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Estimating the uncertainty of areal precipitation using data assimilation

Merker, C., Geppert, G., Clemens, M. and Ament, F. (2019) Estimating the uncertainty of areal precipitation using data assimilation. Tellus A: Dynamic Meteorology and Oceanography, 71 (1). 1606666. ISSN 1600-0870

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To link to this item DOI: 10.1080/16000870.2019.1606666

Abstract/Summary

We present a method to estimate spatially and temporally variable uncertainty of areal precipitation data. The aim of the method is to merge measurements from different sources, remote sensing and in situ, into a combined precipitation product and to provide an associated dynamic uncertainty estimate. This estimate should provide an accurate representation of uncertainty both in time and space, an adjustment to additional observations merged into the product through data assimilation, and flow dependency. Such a detailed uncertainty description is important for example to generate precipitation ensembles for probabilistic hydrological modelling or to specify accurate error covariances when using precipitation observations for data assimilation into numerical weather prediction models. The presented method uses the Local Ensemble Transform Kalman Filter and an ensemble nowcasting model. The model provides information about the precipitation displacement over time and is continuously updated by assimilation of observations. In this way, the precipitation product and its uncertainty estimate provided by the nowcasting ensemble evolve consistently in time and become flow-dependent. The method is evaluated in a proof of concept study focusing on weather radar data of four precipitation events. The study demonstrates that the dynamic areal uncertainty estimate outperforms a constant benchmark uncertainty value in all cases for one of the evaluated scores, and in half the number of cases for the other score. Thus, the flow dependency introduced by the coupling of data assimilation and nowcasting enables a more accurate spatial and temporal distribution of uncertainty. The mixed results achieved in the second score point out the importance of a good probabilistic nowcasting scheme for the performance of the method.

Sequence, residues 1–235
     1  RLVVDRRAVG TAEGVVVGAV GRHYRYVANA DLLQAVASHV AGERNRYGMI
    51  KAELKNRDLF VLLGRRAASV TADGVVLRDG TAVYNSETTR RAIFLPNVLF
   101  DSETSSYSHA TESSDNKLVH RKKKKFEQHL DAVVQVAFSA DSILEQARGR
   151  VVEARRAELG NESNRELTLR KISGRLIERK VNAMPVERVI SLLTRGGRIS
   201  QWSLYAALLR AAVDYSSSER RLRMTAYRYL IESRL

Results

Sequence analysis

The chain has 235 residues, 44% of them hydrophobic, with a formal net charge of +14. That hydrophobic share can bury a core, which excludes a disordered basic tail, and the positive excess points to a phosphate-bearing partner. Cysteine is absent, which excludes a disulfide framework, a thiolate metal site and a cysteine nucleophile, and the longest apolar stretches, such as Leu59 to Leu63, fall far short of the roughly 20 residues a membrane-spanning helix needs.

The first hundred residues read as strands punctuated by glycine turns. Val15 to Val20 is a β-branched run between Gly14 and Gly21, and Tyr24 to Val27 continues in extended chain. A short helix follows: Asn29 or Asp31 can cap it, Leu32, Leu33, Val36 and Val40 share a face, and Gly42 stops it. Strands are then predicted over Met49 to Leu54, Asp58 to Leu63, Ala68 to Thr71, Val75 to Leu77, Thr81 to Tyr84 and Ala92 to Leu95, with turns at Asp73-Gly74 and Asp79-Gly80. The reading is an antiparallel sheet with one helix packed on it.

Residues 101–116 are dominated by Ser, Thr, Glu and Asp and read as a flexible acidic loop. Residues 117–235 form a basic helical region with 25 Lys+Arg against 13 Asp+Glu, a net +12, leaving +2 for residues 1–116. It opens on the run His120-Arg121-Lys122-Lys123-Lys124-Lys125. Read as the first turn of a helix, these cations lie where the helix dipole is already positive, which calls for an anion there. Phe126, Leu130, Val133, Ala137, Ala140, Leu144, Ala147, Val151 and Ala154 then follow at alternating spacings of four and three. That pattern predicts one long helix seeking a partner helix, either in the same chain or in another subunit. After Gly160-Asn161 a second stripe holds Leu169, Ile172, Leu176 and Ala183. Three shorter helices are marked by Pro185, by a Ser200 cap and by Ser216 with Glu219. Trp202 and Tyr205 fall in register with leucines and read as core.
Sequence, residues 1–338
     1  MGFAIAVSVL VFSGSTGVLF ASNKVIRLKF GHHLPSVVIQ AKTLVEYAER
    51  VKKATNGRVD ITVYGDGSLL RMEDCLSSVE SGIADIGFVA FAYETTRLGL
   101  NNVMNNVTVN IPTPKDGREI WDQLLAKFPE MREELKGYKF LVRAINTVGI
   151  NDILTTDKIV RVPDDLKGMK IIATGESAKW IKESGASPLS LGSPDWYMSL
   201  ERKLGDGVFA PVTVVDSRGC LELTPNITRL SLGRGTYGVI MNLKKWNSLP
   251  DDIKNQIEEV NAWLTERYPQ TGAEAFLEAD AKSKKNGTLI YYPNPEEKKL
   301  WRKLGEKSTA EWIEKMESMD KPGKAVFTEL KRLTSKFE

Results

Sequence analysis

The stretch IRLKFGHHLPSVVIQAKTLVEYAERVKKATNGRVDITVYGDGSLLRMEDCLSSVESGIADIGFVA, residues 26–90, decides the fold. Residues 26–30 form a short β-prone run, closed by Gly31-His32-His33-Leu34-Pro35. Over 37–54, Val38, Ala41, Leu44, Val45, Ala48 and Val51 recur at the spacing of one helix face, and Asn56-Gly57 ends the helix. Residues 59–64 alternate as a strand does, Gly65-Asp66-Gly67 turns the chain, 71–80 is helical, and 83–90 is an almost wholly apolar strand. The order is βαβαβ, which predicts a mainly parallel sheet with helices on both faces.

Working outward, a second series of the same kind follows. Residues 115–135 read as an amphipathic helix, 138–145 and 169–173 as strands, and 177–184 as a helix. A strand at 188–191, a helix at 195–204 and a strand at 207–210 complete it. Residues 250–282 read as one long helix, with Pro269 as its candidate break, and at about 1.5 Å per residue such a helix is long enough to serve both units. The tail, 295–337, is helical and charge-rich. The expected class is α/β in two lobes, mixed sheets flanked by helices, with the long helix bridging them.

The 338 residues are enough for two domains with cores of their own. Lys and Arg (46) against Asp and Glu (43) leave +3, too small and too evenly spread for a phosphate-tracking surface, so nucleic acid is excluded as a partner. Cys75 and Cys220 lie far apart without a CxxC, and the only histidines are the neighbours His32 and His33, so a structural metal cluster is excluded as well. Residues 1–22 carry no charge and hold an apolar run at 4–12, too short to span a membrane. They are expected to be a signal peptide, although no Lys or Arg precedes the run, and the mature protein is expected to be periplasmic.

Item Type:Article
Refereed:Yes
Divisions:Faculty of Science > School of Mathematical, Physical and Computational Sciences > Department of Meteorology
ID Code:88694
Uncontrolled Keywords:Atmospheric Science, Oceanography
Publisher:Taylor & Francis

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